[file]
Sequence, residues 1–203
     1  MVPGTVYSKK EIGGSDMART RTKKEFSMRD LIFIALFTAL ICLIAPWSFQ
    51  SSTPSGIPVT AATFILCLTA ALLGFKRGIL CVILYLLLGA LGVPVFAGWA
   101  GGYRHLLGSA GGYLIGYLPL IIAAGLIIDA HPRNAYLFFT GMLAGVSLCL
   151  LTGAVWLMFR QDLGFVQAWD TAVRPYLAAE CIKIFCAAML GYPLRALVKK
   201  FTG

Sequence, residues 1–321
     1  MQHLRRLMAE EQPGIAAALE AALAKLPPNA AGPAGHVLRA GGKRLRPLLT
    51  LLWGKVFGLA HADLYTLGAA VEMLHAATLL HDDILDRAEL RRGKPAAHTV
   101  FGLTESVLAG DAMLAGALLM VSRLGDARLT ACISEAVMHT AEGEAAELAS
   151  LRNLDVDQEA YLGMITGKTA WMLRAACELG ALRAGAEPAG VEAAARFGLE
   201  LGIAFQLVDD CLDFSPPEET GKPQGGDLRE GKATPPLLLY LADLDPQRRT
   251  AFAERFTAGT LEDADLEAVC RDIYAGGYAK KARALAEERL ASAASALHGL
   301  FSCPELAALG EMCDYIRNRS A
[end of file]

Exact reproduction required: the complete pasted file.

Sequence, residues 1–203
     1  MVPGTVYSKK EIGGSDMART RTKKEFSMRD LIFIALFTAL ICLIAPWSFQ
    51  SSTPSGIPVT AATFILCLTA ALLGFKRGIL CVILYLLLGA LGVPVFAGWA
   101  GGYRHLLGSA GGYLIGYLPL IIAAGLIIDA HPRNAYLFFT GMLAGVSLCL
   151  LTGAVWLMFR QDLGFVQAWD TAVRPYLAAE CIKIFCAAML GYPLRALVKK
   201  FTG

Sequence, residues 1–321
     1  MQHLRRLMAE EQPGIAAALE AALAKLPPNA AGPAGHVLRA GGKRLRPLLT
    51  LLWGKVFGLA HADLYTLGAA VEMLHAATLL HDDILDRAEL RRGKPAAHTV
   101  FGLTESVLAG DAMLAGALLM VSRLGDARLT ACISEAVMHT AEGEAAELAS
   151  LRNLDVDQEA YLGMITGKTA WMLRAACELG ALRAGAEPAG VEAAARFGLE
   201  LGIAFQLVDD CLDFSPPEET GKPQGGDLRE GKATPPLLLY LADLDPQRRT
   251  AFAERFTAGT LEDADLEAVC RDIYAGGYAK KARALAEERL ASAASALHGL
   301  FSCPELAALG EMCDYIRNRS A